Entertainment Now with T.M. Powell

The 4: Overrated Horror Movies

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Credit: Warner Brothers Pictures

Credit: Warner Brothers Pictures

CW44_TMPowell_4x3 T.M. Powell
I'm CW44's Media Critic & '44 on the Town' Co-Host. I make...
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Instead of going the Hollywood route and creating an unnecessary and sub par sequel to last year’s ‘The 4: Scary Movies’, I decided to take a different approach to the horror genre this year. Instead of celebrating the films that make our skin crawl and sleep with the lights on, I wanted to examine over hyped horror films. I’m not looking for the worst horror movies like House of a 1,000 Corpses or Troll 2. I’m looking for the four overpraised frightening flicks that I think are just plain ridiculous. Same rules as last year: films such as Alien and The Thing (1982) are freaky, but should reside in the Sci-Fi category just Like Seven and The Silence of the Lambs should be relegated to the Drama category… not that any of those films would ever end up on this list. So now it’s time for this anti-critic to cut loose on ‘The 4: Overrated Horror Movies’.

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Credit: United Artists

Credit: United Artists

Child’s Play (1998)

I know Chucky has become one of the most recognizable figures in the horror genre, but seriously, he’s a freaking doll. This ‘My Buddy” knockoff has garnered a cult following spawning 5 Child’s Play sequels. I don’t get it. It’s not like Chucky’s even a scary doll like the clown in Poltergeist. You’re toys are never coming alive via voodoo by a serial killer. Even if they did, that doll is less than 2 feet tall.  I would rip that red-headed “Good Guy” doll apart with my bare hands before I tossed him in the garbage. The Child’s Play series has evolved into a charmingly cheesy B-Movie series, but the first one was meant to be a true horror movie which earns it a place on this list.

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Credit: United Film Distribution Company

Credit: United Film Distribution Company

Dawn of the Dead (1978)

I know fans of the zombie genre like to declare Dawn of the Dead as the quintessential film about the undead. The film was a box office hit and critics loved the metaphors for commercialism with an apocalypse where the living and the undead still flocked to the mall. Personally, I think it couldn’t be more boring. Sure there are a few scenes of gore that were groundbreaking for the time, but a movie’s greatness shouldn’t be defined by its gore alone. For the most part Dawn of the Dead is a few people hanging out in mall, taking helicopter lessons and waiting for a motorcycle gang to show up and chop zombie’s heads off with a Calvary sword. Freaking ridiculous! My advice is check out the 2004 remake that landed on ‘The 4: Underrated Movies’. That version of Dawn of the Dead is a much more suspenseful and entertaining.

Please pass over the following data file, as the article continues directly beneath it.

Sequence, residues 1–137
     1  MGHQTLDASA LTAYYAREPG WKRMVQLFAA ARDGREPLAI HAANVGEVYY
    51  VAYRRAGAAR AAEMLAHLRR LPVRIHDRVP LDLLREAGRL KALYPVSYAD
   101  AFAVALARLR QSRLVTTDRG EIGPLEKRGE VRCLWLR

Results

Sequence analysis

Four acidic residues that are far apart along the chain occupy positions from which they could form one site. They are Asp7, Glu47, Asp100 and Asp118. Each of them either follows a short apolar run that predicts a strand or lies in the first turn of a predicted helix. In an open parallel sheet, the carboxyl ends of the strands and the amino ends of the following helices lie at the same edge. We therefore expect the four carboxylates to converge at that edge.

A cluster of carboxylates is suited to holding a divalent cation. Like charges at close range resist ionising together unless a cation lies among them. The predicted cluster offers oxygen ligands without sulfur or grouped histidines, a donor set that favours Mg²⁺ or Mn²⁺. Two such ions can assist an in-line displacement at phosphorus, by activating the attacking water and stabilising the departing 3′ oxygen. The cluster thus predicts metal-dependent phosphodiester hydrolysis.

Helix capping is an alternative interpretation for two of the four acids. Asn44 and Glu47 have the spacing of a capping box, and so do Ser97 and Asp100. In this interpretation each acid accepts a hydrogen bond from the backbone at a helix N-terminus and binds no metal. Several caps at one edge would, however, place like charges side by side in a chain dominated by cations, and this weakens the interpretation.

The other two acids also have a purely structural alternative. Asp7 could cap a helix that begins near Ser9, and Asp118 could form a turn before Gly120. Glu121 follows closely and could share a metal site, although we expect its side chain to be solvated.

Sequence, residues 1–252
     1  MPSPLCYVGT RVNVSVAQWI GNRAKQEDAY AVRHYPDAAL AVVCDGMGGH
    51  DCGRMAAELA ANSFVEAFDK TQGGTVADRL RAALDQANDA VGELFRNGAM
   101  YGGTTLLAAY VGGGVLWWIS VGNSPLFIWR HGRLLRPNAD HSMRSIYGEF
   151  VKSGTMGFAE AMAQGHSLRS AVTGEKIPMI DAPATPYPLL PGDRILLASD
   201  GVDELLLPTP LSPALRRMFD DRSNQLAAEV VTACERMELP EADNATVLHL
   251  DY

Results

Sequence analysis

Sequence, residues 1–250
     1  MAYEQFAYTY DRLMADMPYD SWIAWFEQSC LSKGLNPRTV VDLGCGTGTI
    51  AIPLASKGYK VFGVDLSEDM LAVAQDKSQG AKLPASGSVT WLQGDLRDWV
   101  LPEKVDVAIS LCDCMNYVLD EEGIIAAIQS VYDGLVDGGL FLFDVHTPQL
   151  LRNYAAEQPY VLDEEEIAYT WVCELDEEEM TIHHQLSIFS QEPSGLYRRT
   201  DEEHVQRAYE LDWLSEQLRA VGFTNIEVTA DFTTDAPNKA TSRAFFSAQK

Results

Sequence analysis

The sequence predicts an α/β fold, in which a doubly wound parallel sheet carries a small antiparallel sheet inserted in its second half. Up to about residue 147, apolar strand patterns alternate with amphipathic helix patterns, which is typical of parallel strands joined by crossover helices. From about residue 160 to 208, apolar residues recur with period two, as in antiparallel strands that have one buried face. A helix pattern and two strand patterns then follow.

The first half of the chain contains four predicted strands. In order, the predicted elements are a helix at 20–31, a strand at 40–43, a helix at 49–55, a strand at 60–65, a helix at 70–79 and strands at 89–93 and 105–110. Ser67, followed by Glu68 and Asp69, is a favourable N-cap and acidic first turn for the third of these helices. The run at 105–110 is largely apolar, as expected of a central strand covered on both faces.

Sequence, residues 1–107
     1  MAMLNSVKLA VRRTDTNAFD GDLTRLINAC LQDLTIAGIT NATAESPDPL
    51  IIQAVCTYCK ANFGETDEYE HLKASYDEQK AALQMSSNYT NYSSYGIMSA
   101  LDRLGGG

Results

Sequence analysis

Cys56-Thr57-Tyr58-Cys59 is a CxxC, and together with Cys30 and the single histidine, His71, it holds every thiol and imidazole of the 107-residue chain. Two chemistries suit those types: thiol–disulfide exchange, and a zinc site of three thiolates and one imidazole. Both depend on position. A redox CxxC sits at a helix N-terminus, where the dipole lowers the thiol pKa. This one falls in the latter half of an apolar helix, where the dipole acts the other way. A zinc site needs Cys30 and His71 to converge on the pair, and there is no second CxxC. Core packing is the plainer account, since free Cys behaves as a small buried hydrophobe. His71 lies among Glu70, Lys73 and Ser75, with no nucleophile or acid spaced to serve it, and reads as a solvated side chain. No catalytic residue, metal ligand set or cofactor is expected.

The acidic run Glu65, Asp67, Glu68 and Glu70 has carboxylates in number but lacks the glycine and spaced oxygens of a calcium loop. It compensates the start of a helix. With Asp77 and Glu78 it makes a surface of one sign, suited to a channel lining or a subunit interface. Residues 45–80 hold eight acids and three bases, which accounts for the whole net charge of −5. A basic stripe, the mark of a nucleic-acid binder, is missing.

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Credit: Artisan Entertainment

Credit: Artisan Entertainment

The Blair Witch Project (1999)

Just because a movie is made for sixty thousand dollars, doesn’t mean its good. Hell, most of the time it probably means it sucks. There is no better example of this than The Blair Witch Project. It’s the story about three dummies who get lost in the woods in Maryland and manage to scare only themselves. Just like the previous mentioned Dawn of the Dead, this is a movie where nothing really happens. The three film students walk around in circles, hear a few noises and end up in basement where the audience is finally put out of their misery when the camera shuts off. You get zero payoff for suffering through 80 minutes of the most shaky camera footage ever!

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Credit: Warner Brothers Pictures

Credit: Warner Brothers Pictures

The Shining (1980)

You can add The Shining to my P.O.S. list with Scarface, The English Patient and anything else Kubrick directed outside Full Metal Jacket and Dr. Strangelove. For a book that was so freaky and cool, the big screen version of The Shining is a silly mess. Jack Nicholson over-acts his way around the empty hotel, terrorizing Olive from Popeye. Little kids saying murder backwards, bloody elevators and freaky twins don’t scare me. If anything The Shining makes me laugh. Jack explaining that he’s not going to hurt you and his tryout for the Tonight Show crack me up. Maybe if The Shining would have been billed as a comedy I would have enjoyed it more. Even with the laughs, The Shining would have still been a movie with a man in bear suit doing… who knows what. The Shining doesn’t make any sense at the end of its conclusion, just like the rest of Kubrick’s overhyped and nonsensical film work.

So what four Overrated Horror movies do you think should have made the list? Let me know on Twitter @CW44CouchPotato or become a fan at Facebook.com/CW44CouchPotato. Also check out this article’s companion piece ‘The 4: Scary Movies’.

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